Simple? Yup. And no, there’s no but here, it’s just that simple. Practice and reading up on this will be the best teacher, I’m just here to point it out. Now, when you have your blanched vegetables, all cooled and waiting, you can bag individual portions, works best with big things like cauliflower and broccoli florets, or with something like carrots what I d is cut them into chunks, blanch them, then freeze them on a greaseproof paper lined tray and break them up and pour into a bag. That way you can use as much or as little as you like. It’s a matter of choice: You might have everything measured and ready, but you might need to just take a bit of something here and there. Again this is what makes blanching so great: You have so much control over everything. It means a stocked freezer and less excuses to not eat your vegetables.

So, that’s that. A basic post, one that might just serve to push you towards looking into this extremely helpful technique. I know when I finally get my vegetables ready to harvest, haven’t even started  the seeds yet but I’m an idiot, I mean optimist, let’s split the difference, I’ll be ready to blanch everything I can, cook whatever works best cooked and I’ll be happy with my fresh produce for the months after. Remember freezing can mean that fruit that would be wasted can be kept. Also other ingredients can be prepared in advance. Onions, ginger, garlic etc can be blended and frozen into cubes. There’s nothing stopping you from making the components of many meals all at once, freezing them and then assembling them whenever they’re needed. Sustainability is important when it comes to healthy eating habits. The more ways you have to keep it up the more likely you are to keep at it. This has been written from my high horse. Heh. See you again soon, dear reader.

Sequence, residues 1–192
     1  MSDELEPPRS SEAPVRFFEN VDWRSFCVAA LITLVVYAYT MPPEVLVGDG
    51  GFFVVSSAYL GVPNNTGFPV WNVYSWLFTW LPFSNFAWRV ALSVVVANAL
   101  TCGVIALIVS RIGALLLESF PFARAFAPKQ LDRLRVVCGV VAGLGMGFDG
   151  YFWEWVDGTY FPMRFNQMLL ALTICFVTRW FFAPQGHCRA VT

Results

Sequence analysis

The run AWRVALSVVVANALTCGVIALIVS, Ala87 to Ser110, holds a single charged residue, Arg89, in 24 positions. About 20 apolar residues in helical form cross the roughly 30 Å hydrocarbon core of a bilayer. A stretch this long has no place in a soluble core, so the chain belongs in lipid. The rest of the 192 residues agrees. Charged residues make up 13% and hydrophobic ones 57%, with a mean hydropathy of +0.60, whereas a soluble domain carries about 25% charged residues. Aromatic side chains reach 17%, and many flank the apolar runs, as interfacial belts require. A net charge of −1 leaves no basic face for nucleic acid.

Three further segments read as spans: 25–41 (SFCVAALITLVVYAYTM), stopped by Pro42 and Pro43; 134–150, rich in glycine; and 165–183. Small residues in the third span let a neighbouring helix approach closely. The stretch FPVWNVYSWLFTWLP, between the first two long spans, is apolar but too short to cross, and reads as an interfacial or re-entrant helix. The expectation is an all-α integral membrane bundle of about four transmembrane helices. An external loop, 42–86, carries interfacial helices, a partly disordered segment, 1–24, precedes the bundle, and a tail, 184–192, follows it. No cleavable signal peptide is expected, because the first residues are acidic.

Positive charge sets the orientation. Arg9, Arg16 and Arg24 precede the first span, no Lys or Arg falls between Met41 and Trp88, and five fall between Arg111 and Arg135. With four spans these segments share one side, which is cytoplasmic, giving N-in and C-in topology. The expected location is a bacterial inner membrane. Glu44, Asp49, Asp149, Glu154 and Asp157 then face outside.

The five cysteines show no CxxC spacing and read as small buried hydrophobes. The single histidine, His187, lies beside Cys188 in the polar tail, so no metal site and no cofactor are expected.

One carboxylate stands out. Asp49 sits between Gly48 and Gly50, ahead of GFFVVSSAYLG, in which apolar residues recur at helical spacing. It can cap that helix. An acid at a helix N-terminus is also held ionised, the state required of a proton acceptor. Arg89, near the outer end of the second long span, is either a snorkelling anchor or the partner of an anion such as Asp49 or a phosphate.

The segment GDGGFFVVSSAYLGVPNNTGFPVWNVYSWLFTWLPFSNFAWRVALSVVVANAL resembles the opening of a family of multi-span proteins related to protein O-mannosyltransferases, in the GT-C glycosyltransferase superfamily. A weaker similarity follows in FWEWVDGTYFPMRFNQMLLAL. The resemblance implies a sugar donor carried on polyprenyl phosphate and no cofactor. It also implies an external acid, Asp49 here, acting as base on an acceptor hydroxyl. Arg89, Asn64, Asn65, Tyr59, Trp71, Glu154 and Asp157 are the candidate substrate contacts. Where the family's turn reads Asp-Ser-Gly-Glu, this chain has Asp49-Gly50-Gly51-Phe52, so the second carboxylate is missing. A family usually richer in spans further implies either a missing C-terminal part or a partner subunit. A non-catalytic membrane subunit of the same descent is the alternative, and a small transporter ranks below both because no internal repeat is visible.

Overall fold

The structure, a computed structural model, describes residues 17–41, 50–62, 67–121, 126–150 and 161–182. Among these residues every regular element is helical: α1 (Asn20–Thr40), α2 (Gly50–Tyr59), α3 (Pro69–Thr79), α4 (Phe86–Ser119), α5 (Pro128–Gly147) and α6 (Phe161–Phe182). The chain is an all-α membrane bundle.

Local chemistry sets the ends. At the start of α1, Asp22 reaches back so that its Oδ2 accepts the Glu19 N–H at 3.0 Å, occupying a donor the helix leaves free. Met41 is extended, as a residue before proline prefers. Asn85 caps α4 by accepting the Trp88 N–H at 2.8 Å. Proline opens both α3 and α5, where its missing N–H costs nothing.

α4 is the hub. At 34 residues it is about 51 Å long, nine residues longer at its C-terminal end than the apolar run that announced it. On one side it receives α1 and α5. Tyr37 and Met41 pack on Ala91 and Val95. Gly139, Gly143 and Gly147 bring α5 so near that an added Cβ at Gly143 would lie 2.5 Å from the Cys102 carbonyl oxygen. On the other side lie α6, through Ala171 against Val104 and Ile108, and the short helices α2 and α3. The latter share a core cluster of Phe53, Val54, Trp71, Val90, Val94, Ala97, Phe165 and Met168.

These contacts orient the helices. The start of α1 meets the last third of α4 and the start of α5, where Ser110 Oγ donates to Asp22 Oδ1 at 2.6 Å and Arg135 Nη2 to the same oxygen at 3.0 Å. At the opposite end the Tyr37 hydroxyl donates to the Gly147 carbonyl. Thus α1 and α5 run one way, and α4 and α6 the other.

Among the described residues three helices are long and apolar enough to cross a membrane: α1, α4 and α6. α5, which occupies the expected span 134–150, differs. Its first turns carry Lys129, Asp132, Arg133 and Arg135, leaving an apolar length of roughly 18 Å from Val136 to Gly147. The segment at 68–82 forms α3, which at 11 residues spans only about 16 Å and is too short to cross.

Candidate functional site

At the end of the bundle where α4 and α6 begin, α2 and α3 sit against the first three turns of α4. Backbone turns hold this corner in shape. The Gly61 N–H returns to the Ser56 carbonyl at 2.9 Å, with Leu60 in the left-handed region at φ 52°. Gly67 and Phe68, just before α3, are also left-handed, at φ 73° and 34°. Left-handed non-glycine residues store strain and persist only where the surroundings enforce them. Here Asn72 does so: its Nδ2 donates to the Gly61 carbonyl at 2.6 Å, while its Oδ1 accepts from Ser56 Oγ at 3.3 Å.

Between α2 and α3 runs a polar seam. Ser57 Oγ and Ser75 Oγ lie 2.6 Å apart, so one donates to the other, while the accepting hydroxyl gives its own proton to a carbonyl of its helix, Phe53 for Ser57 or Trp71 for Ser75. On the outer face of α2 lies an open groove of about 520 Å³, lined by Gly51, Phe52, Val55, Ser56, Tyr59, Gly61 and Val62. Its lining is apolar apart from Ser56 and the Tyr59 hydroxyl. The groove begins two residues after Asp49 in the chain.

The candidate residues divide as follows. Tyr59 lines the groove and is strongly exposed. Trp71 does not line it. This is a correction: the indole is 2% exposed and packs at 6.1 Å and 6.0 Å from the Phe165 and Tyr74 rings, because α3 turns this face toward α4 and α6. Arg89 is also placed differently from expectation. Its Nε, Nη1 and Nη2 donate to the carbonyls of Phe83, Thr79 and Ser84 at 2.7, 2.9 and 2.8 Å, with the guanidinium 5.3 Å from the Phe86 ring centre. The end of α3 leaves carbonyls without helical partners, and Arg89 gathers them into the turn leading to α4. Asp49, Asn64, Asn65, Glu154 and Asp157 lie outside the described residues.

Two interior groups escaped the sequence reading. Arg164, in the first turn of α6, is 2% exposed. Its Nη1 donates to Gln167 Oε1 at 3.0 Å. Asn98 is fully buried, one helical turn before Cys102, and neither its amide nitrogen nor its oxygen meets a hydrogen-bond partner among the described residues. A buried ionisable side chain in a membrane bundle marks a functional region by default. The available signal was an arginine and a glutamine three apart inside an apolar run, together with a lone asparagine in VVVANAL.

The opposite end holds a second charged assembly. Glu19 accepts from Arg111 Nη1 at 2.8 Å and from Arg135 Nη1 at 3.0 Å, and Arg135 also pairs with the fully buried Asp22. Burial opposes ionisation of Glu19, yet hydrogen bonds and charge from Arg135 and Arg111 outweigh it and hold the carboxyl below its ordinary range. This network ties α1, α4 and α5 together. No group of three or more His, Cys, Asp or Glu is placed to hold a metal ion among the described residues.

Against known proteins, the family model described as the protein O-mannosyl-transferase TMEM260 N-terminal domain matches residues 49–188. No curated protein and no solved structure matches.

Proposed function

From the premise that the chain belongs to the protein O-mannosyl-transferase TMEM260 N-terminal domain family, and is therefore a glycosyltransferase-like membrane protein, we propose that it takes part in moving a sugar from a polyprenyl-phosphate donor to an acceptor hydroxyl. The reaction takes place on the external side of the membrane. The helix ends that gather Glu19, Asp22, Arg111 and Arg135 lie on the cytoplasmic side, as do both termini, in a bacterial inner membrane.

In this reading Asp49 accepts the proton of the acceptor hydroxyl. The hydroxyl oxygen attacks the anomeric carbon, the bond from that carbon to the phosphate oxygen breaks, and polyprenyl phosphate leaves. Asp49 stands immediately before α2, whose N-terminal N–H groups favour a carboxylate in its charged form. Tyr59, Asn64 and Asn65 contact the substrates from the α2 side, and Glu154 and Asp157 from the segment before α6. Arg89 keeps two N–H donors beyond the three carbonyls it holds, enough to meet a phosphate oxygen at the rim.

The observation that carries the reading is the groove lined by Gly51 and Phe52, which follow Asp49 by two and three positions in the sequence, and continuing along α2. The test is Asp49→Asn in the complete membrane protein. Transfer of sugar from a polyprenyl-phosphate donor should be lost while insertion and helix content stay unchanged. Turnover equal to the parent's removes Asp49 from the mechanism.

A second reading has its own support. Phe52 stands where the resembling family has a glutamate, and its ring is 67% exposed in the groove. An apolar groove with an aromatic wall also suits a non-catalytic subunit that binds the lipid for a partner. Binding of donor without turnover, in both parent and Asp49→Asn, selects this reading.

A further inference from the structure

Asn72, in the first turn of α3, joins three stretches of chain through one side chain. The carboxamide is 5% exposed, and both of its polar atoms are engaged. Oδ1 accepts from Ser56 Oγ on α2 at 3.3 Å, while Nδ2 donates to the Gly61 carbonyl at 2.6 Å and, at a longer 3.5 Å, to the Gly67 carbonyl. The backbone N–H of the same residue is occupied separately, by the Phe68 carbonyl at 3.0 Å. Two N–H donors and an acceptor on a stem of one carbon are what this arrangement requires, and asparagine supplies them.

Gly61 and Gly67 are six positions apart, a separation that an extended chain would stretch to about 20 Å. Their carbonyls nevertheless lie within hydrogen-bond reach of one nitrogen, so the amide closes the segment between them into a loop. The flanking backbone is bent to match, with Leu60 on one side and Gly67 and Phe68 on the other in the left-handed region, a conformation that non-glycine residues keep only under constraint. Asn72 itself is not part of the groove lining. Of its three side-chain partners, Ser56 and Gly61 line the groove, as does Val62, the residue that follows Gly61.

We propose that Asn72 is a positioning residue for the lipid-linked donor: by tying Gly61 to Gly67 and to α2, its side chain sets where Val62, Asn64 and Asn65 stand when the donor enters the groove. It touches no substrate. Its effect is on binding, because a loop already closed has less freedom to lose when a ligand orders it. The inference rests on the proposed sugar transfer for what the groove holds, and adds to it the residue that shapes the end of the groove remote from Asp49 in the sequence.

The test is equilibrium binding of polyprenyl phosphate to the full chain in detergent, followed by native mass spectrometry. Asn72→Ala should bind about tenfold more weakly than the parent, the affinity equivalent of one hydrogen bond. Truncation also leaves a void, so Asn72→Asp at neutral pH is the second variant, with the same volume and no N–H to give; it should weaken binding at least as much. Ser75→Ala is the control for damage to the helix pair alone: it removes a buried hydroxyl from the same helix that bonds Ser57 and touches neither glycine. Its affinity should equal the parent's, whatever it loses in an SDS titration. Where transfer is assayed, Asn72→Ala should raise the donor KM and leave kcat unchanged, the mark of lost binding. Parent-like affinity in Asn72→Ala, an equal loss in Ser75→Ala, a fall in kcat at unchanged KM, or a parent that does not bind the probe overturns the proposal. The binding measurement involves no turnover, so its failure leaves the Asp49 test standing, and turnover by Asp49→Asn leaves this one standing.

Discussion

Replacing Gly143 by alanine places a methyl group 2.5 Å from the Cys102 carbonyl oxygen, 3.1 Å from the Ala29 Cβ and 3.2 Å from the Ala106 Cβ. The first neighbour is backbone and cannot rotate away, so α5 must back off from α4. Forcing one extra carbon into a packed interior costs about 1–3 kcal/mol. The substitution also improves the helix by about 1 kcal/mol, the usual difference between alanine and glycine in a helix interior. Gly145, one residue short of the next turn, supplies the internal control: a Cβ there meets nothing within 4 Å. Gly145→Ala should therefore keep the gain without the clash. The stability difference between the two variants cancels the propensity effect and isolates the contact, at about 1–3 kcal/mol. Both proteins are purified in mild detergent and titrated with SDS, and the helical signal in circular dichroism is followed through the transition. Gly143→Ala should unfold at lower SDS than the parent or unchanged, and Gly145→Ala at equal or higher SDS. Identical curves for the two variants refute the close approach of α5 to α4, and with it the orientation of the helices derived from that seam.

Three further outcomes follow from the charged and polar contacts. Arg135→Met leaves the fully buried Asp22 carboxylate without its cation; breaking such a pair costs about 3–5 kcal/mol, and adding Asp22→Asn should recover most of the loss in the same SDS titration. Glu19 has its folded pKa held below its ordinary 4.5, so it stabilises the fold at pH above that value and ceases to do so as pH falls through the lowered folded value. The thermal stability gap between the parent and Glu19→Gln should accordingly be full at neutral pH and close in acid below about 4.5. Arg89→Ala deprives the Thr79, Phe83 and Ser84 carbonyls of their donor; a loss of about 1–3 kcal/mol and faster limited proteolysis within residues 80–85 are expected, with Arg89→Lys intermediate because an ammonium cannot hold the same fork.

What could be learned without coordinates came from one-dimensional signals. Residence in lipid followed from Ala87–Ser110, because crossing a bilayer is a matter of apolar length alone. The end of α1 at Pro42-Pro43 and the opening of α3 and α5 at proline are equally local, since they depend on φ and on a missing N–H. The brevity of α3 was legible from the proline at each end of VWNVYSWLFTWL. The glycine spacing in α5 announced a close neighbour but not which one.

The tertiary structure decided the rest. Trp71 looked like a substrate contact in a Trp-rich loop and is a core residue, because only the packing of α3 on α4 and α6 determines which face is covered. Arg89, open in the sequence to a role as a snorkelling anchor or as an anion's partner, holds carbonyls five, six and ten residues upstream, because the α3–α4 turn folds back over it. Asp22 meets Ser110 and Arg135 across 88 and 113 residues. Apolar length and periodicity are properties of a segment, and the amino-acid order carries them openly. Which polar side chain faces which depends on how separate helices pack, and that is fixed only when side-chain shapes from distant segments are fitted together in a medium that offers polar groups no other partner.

3 thoughts on “Blanching: Something Something Clever Title

  1. Guess what? This dear reader whom you like to think of as a “pro”, has just learned something valuable. I used to blanch some vegetables in boiling water and hated it. Doing it in a steamer sounds much better. Why didn’t I think of it? I will just have to remember not to get distracted or tempted to do something else at the same time. Overcooking followed by freezing makes for very poor taste. Please don’t ask how I know 🙄. Thank you Jack for another valuable post.

    Liked by 1 person

    1. Sorry, dear neighbour, but you’ll always be a pro to me. I think it’s such a simple thing to do we just never think of it. It all started for me because my mother had carrots she wanted to freeze, before that it never occurred to me. I’m glad it was helpful.

      Liked by 1 person